Ultra high frequency (UHF) radio-frequency identification (RFID) for robot perception and mobile manipulation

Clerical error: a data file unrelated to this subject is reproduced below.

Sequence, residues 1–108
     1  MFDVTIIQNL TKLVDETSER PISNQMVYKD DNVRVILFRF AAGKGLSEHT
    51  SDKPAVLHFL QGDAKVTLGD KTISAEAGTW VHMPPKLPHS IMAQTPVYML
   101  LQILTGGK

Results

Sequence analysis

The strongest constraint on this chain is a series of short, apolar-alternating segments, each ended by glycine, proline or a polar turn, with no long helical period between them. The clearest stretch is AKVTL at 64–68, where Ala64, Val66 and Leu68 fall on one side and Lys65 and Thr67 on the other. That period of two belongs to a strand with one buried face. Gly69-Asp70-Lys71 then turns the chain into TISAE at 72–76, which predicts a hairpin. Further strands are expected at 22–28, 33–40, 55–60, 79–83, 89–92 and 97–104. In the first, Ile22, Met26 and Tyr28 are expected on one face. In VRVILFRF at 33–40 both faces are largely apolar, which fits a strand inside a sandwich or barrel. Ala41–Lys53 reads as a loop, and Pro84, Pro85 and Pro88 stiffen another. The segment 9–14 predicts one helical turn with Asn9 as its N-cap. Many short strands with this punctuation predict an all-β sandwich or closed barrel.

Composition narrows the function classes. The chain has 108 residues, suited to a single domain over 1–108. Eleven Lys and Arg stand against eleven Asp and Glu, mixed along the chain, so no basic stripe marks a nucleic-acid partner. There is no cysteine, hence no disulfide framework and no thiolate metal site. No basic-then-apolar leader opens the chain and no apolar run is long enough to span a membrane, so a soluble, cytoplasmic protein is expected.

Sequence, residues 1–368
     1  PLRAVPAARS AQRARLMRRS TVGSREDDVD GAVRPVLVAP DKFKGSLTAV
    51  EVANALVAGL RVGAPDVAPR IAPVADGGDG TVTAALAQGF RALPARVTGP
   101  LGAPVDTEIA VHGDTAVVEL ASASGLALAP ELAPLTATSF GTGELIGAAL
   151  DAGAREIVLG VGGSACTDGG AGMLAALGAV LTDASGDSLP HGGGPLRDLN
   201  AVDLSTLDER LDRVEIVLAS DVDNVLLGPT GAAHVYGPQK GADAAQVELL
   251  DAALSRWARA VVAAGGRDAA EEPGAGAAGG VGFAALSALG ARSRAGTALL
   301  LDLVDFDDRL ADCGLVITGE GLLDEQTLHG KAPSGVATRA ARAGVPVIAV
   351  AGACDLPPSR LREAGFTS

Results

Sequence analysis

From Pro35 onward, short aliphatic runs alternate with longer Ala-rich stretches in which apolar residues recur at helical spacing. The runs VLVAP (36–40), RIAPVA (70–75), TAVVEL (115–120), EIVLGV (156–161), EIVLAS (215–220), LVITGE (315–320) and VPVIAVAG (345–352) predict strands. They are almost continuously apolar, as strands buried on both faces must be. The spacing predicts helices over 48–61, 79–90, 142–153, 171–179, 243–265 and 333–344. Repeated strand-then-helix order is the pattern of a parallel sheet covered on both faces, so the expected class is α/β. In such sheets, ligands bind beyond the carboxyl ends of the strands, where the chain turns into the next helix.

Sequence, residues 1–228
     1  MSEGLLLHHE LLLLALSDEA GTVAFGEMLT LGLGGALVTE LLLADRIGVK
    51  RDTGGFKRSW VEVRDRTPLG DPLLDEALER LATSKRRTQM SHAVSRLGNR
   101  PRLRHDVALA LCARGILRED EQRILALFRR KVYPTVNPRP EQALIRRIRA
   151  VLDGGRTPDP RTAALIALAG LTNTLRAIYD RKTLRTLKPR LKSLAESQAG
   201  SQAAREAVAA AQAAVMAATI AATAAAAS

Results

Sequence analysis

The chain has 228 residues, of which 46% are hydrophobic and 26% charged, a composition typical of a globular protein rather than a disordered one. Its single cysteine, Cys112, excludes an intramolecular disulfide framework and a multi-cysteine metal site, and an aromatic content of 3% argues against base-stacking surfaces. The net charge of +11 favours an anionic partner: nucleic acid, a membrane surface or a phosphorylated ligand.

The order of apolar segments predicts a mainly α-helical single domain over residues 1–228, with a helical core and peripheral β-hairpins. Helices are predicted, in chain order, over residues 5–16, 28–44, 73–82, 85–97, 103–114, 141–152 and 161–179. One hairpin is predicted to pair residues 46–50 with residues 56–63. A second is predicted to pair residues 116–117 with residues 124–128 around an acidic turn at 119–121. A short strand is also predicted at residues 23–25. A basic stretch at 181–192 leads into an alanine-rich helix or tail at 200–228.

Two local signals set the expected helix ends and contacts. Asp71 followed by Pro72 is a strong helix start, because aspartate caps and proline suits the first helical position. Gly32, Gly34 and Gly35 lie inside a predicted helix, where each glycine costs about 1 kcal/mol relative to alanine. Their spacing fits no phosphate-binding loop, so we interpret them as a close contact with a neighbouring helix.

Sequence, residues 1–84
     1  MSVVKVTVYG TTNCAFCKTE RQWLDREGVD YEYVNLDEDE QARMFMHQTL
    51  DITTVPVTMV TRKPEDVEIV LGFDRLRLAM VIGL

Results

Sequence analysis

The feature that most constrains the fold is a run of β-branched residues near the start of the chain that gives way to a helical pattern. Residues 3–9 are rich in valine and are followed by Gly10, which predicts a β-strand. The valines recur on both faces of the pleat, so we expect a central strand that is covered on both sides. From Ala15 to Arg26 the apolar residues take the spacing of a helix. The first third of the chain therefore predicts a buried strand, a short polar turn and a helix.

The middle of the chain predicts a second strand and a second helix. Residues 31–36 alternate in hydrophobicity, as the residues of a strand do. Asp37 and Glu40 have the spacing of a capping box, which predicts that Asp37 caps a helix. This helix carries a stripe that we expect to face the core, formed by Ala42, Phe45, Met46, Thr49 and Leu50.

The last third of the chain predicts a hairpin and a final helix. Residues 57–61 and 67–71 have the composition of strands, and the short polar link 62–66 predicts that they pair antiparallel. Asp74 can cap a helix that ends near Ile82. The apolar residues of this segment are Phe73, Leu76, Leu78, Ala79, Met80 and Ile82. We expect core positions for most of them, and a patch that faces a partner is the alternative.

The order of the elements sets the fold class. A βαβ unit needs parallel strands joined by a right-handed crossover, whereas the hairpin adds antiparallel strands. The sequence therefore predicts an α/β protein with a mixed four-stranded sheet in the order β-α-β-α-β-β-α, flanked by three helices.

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Personal robots with autonomy, mobility, and manipulation capabilities have the potential to dramatically improve quality of life for various user populations, such as older adults and individuals with motor impairments. Unfortunately, unstructured environments present many challenges that hinder robot deployment in ordinary homes. This thesis seeks to address some of these challenges through a new robotic sensing modality that leverages a small amount of environmental augmentation in the form of Ultra High Frequency (UHF) Radio-Frequency Identification (RFID) tags. Previous research has demonstrated the utility of infrastructure tags (affixed to walls) for robot localization; in this thesis, we specifically focus on tagging objects. Owing to their low-cost and passive (battery-free) operation, users can apply UHF RFID tags to hundreds of objects throughout their homes. The tags provide two valuable properties for robots: a unique identifier and receive signal strength indicator (RSSI, the strength of a tag's response). This thesis explores robot behaviors and radio frequency perception techniques using robot-mounted UHF RFID readers that enable a robot to efficiently discover, locate, and interact with UHF RFID tags applied to objects and people of interest. The behaviors and algorithms explicitly rely on the robot's mobility and manipulation capabilities to provide multiple opportunistic views of the complex electromagnetic landscape inside a home environment. The electromagnetic properties of RFID tags change when applied to common household objects. Objects can have varied material properties, can be placed in diverse orientations, and be relocated to completely new environments. We present a new class of optimization-based techniques for RFID sensing that are robust to the variation in tag performance caused by these complexities. We discuss a hybrid global-local search algorithm where a robot employing long-range directional antennas searches for tagged objects by maximizing expected RSSI measurements; that is, the robot attempts to position itself (1) near a desired tagged object and (2) oriented towards it. The robot first performs a sparse, global RFID search to locate a pose in the neighborhood of the tagged object, followed by a series of local search behaviors (bearing estimation and RFID servoing) to refine the robot's state within the local basin of attraction. We report on RFID search experiments performed in Georgia Tech's Aware Home (a real home). Our optimization-based approach yields superior performance compared to state of the art tag localization algorithms, does not require RF sensor models, is easy to implement, and generalizes to other short-range RFID sensor systems embedded in a robot's end effector. We demonstrate proof of concept applications, such as medication delivery and multi-sensor fusion, using these techniques. Through our experimental results, we show that UHF RFID is a complementary sensing modality that can assist robots in unstructured human environments.